Editorial - Taylor Swift Got It Right, Defending Artists' Pay

Jul032015
EditorialTaylor Swift wrote a barbed, open love letter on her blog to Apple a few weeks ago in which she took the company to task for its announced policy on paying musicians for streaming their work on Apple Music during a three month free-trial period.  Apple was not going to pay the artists.  Swift said her new mega-hit album would not be on Apple Music, and gently, but firmly told the company that artists need to be paid for their work.

"I'm not sure you know that Apple Music will not be paying writers, producers, or artists for those three months. I find it to be shocking, disappointing, and completely unlike this historically progressive and generous company," Swift wrote in an open letter.  She concluded with, "But I say to Apple with all due respect, it’s not too late to change this policy and change the minds of those in the music industry who will be deeply and gravely affected by this. We don’t ask you for free iPhones. Please don’t ask us to provide you with our music for no compensation."

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Letters - Father James' Good Letter

Jul032015

Letters - Father James' Good Letter

 

mailmanThank you Father James for putting into words what I and many others feel. Thank you for being our voice. I can't believe that our representative would stab us in the back as she did. If she had done her research she would have known that that plant is one of the cleanest and most modern of any coal burning plant in the northeast.

If NYSEG wants to put in more electric wires instead of relying on our good plant, where will they get the electricity? From dirty coal burning plants in Pennsylvania? Someone will be generating our electricity and the plant in all probability won't be as clean as ours.

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Letters - Response to Star Editorial On Lifton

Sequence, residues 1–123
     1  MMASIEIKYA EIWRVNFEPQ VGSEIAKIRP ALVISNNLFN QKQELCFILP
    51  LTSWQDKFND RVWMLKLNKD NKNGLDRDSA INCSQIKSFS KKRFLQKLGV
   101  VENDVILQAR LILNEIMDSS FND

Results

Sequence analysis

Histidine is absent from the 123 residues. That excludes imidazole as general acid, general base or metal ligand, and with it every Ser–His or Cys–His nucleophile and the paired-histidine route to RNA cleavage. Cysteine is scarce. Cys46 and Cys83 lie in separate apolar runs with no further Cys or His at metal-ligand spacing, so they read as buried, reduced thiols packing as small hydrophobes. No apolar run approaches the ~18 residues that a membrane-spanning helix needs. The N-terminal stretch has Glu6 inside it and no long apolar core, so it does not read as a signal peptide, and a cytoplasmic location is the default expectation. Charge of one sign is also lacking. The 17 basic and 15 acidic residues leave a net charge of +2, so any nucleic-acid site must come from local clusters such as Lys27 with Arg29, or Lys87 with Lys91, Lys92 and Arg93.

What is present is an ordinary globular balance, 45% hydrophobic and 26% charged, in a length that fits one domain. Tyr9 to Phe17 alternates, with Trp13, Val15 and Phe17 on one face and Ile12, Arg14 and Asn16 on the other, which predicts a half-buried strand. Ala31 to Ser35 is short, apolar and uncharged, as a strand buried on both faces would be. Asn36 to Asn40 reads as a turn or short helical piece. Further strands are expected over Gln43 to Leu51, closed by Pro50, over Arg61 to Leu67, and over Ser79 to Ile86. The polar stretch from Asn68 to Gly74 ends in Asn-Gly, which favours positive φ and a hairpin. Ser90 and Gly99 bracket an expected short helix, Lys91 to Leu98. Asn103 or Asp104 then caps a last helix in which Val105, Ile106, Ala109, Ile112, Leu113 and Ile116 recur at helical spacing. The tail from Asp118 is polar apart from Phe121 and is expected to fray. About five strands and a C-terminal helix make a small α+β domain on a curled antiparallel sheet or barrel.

Jul032015

Letters - Response to Star Editorial On Lifton

 

mailmanI wish to respond to several assertions presented in the Editorial – Lifton Fails to Represent Lansing – printed in the June 26 issue.

First, I wish to provide some background information as context for my remarks. On July 20, 2012 Cayuga filed a notice with the Public Service Commission (PSC) that it intended to mothball the power plant. After a NYSEG reliability study was conducted, the PSC approved a Reliability Support Services Agreement in 2012 for the period January 2013 to January 2014. Subsequently a second Agreement was entered into for a period ending in June 2017. The potential cost to NYSEG ratepayers for continued operation, maintenance, and capital improvements for the power plant is $191.3 million (these costs may be somewhat reduced by reimbursement provisions too complex to review here). In addition, a repowering of the plant with natural gas could cost ratepayers another $145 million.

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Letters - Refuting Editorial on Lifton Representation

Jul032015

Letters - Refuting Editorial on Lifton Representation

 

mailmanThe June 26, 2015 Lansing Star bases its strongly worded editorial on many false assumptions. Below are a few of the significant ones:

False Assumption #1: All of Lansing is in favor of re-powering the Cayuga coal burning power plant.

We are homeowners in the Town of Lansing and have paid property and school taxes for over 20 yeas. We are not in favor of the Cayuga Power Plant's continued operation. We share this viewpoint with many other Lansing residents, who have made energy efficiency and environmental conservation top priorities in our lives.

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The Hillcrest area was originally known as Bean Hill

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